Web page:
San Diego School Boards Are Limiting the Public’s Right to Comment

By Melissa Deleon

On September 18, the ACLU Foundation of San Diego & Imperial Counties (ACLUF-SDIC) asked school leaders at San Diego Unified School District (SDUSD) to allow members of the public to give live, verbal virtual comment during school board meetings. In other words, we asked the district to listen to you, the community it purports to serve.

So far, the district has effectively responded with a “no.”

Members of the public have the legal right to participate in school board meetings. The law requires that SDUSD, and all government agencies, allow the public to comment on agenda items and matters within their jurisdiction. SDUSD, like many school districts in San Diego and Imperial counties, moved to virtual meetings due to the COVID-19 pandemic. Instead of allowing live, verbal public comment by Zoom or telephone, as government agencies throughout San Diego are doing, SDUSD only accepts written public input – limited to 150 words – if submitted before 10am on the day of the board meeting. The law simply does not allow for the elimination of live public comment altogether. You can read more about the legal violations in a letter the ACLUF-SDIC sent to the district in September.

SDUSD has a history of limiting or deterring public input. In late-2018, the district moved all public comments to the end of school board meetings. These meetings begin in the evening and last several hours. This means, for example, that when a parent of a student who is an English Language Learner (ELL) wants to provide input about how the district should spend taxpayer dollars reserved specifically for supporting ELL students, they likely have to wait for hours to speak and may be cut off after one minute. When parents and teachers asked SDUSD to reconsider this policy to make it easier and more accessible to address the school board, the district said no.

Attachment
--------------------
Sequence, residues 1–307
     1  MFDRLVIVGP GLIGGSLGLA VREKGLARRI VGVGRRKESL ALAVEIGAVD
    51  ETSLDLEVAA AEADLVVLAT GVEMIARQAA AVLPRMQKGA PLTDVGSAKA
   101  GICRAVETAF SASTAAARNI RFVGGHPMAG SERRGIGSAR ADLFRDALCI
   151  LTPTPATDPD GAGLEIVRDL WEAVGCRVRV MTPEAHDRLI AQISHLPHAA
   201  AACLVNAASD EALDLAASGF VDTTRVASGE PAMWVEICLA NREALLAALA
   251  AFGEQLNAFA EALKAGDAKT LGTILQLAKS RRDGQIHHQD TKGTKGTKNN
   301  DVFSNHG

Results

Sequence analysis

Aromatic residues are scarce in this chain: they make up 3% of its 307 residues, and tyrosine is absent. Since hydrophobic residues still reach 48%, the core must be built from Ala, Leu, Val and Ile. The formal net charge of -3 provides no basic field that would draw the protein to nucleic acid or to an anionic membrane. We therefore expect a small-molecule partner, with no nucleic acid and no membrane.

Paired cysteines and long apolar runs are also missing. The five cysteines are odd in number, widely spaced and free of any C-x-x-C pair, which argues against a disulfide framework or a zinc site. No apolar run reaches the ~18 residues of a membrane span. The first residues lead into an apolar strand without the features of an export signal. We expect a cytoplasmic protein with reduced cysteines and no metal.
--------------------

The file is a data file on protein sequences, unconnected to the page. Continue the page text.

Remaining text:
SDUSD’s incremental changes to public comment policies have, over time, eroded the public’s legal right to be heard. Equally troubling is the underlying message this sends to the community – that school leaders will not hear directly from you.

Potential legal violations aside, during unprecedented school closures when students and teachers are forced to utilize distance learning, school leaders should strive to give students and families more access and opportunities to connect; not less. School leaders should model the same critical listening skills that they are entrusted to teach. Schools should honor your rights and welcome communication in all forms.

This is why the ACLUF-SDIC asked SDUSD to comply with the law by ensuring that members of the public can provide live, real-time virtual comment by telephone, teleconference or otherwise. And we have now asked the same of all districts in San Diego and Imperial counties. In our virtual environment, it should not be a difficult thing for SDUSD, or any district, to do.

Protecting the public’s right to be heard is part of the bigger fight to ensure that schools make equitable decisions informed by the needs and experiences of the students they serve. If school leaders refuse to hear you as they make key decisions that impact your lives, then how do you know they are representing your interests and values?

If you believe your school is unlawfully silencing you, please contact us. We welcome the opportunity to listen. We encourage you to ask your school board members to permit live public comment and explain to them why your voice matters. We support you in your fight to be heard.

Melissa Deleon is the equity staff attorney for the ACLU Foundation of San Diego & Imperial Counties.